Saskatchewan CPL Ownership Group Facing $10m Lawsuit
Correction: Grant McLaughlin now works at Fasken.
Northern Tribune has confirmed that Alan Simpson and his company Living Sky Sports and Entertainment, who won exclusive rights to launch a Canadian Premier League team in Saskatchewan, are facing a ten million dollar lawsuit from Simpson’s former business partner Joe Belan.
The news was first broken by Canadian soccer podcaster Duane Rollins, with a lawsuit from Belan’s Novatrek Capital having indeed been filed with the Ontario Superior Court on February 1.
The lawsuit, which seeks $10 million in damages, alleges that Al Simpson’s Living Sky Sports and Entertainment and the Prairieland Park Corporation committed a breach of contract regarding the placement of a soccer-specific stadium in Prairieland Park, which Belan claims his company held exclusive rights to.
At the time of writing, neither Al Simpson nor Joe Belan had replied to our comment request.
Both Joe Belan and Al Simpson have long been involved in bringing a professional soccer team to Saskatchewan. Belan formed the initial group behind the province’s Saskatchewan Summer Soccer Series, a litmus test of exhibition matches made to gauge the feasibility of supporting a pro soccer team in the area.
The filing states that Simpson was involved in those discussions as early as September 2017, before which he had approached the CPL about obtaining a team individually. He then became formally involved in Belan’s exhibition series along with Grant McGlaughlin, an investor who is not involved in the lawsuit and previously worked at Goodmans LLP until 2018. That’s the same firm Belan has hired to represent his company in the lawsuit.
It is alleged that an exclusive deal between Belan’s Novatrek Capital and the Prairieland Park Corporation was made which locked Prairieland in as the exclusive site for the construction of a planned stadium, with terms stipulating that Prairieland was not to negotiate with any third party over the use of the stadium for soccer, rugby, field lacrosse, or ultimate frisbee.
As time passed, however, the filings allege that Simpson eventually withdrew from Belan’s ownership group after expressing ‘vague concerns’ over the project’s marketing. While the filings claim Belan attempted to alleviate Simpson’s concerns throughout the next several months, he found himself unable to contact Simpson.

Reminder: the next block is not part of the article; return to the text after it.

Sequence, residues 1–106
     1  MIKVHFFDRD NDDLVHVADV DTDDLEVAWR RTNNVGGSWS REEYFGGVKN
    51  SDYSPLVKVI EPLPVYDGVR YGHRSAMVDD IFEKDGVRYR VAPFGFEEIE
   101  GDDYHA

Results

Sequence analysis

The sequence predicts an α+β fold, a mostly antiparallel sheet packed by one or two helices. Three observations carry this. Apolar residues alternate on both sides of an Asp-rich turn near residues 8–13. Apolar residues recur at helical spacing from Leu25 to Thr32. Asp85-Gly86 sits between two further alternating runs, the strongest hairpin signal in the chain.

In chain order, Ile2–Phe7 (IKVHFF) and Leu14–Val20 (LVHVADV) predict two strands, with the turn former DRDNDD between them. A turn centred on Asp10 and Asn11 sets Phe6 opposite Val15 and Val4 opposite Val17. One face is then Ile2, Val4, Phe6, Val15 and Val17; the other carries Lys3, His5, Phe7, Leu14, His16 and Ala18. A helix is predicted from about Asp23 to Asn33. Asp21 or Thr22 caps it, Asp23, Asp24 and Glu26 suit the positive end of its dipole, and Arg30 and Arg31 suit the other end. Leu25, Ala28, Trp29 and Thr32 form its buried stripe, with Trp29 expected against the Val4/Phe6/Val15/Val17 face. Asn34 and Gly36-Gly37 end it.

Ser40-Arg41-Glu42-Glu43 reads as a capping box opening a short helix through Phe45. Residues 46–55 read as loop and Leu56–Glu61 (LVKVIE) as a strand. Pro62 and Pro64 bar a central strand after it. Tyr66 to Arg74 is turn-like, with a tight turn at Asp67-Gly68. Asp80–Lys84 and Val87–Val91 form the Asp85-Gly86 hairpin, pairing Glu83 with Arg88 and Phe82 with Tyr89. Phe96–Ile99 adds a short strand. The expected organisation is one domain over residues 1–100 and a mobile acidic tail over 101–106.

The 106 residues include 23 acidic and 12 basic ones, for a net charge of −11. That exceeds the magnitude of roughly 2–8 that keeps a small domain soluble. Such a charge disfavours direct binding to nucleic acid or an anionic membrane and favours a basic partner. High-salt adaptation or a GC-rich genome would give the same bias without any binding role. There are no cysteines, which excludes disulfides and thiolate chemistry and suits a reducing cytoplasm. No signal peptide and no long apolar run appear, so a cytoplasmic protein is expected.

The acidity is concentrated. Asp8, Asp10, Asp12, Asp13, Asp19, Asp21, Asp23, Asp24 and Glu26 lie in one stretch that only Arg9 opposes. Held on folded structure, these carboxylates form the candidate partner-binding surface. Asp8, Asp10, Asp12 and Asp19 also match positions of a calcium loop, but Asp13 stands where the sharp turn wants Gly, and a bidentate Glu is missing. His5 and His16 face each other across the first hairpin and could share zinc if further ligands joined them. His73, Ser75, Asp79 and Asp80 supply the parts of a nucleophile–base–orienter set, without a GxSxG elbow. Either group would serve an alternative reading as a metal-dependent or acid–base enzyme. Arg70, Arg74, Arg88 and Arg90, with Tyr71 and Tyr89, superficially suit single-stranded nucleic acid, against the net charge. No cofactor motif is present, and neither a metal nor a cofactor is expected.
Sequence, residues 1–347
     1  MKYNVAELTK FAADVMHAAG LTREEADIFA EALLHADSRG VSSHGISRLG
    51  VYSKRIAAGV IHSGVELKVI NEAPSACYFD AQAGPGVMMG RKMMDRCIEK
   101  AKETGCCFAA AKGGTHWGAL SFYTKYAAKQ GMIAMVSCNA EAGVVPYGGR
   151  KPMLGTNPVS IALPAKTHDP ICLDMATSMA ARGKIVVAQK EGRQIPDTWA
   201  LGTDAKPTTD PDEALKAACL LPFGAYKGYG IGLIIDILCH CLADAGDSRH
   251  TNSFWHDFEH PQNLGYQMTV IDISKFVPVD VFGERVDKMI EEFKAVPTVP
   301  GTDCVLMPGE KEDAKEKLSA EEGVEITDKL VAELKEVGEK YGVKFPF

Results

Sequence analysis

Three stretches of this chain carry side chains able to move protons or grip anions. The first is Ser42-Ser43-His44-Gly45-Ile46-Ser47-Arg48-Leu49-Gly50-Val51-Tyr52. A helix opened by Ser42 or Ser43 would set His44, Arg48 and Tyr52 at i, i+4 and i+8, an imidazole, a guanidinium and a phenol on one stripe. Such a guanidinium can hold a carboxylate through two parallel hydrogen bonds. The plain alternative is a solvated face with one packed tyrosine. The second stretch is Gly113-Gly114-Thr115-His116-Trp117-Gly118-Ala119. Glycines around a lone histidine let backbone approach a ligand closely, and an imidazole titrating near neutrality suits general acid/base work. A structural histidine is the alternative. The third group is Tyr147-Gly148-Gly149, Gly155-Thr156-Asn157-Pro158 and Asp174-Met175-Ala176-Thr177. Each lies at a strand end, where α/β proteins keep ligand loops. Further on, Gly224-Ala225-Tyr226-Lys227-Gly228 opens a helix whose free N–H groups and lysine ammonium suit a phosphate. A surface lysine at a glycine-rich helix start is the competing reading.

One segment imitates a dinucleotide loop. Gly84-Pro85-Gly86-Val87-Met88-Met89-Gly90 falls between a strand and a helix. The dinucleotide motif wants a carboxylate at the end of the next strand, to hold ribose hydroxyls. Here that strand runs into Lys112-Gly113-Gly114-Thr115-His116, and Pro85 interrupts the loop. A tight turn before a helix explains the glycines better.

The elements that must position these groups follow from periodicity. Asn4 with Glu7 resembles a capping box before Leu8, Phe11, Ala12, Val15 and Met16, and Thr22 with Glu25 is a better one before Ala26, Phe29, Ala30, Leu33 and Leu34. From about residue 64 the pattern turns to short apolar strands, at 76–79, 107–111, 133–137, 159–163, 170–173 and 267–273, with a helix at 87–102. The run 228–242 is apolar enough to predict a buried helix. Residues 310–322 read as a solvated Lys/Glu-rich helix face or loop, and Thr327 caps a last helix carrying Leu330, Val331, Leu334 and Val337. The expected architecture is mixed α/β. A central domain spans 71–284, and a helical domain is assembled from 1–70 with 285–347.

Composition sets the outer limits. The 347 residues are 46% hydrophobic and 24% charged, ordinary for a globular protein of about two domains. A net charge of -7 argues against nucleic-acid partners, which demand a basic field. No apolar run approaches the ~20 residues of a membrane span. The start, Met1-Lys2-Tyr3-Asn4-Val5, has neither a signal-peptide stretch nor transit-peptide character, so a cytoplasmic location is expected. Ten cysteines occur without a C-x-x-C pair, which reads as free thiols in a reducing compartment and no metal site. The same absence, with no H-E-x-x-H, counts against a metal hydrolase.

Belan and Novatrek Capital then learned that Canada Soccer Business and the Canadian Premier League had been negotiating with Alan separately in September 2020, with intent to award exclusive rights to his then-newly-incorporated Living Sky Sports and Entertainment. One month later, Prairieland CEO Mark Regier sent an email requesting that Novatrek Capital terminate its exclusive agreement, with Belan’s filing alleging that Prairieland and Simpson had been in talks about the stadium’s usage, which would violate the exclusivity agreement.
Regier has since retired from his role with the Prairieland Park Corporation in December 2022.
Belan claims that while Novatrek Capital still had the exclusive stadium location rights, he and his group were removed from the project. In March 2021, the Canadian Premier League formally announced that Simpson’s Living Sky Sports and Entertainment had been granted exclusive expansion rights for a team, pending the construction of a soccer-specific stadium set to be built at Prairieland Park.
Interestingly, Simpson had gone on record to reveal that his expansion deal with with the CPL was province-wide rather than being region-locked to Saskatoon, so while he has put forth plenty of effort to get a stadium going in Prairieland Park, he has explored preliminary discussions about building one in Regina as an alternative.
Belan and his company are seeking ten million dollars in damages, while the defendants – Al Simpson, Living Sky Sports and Entertainment, and the Prairieland Park Corporation – have 40 days to respond to the claims.
None of these allegations have been proven in court.
It’s also worth noting that the case does not name the Canadian Premier League, who were likely not privy to any potential stadium exclusivity agreement issues in the first place.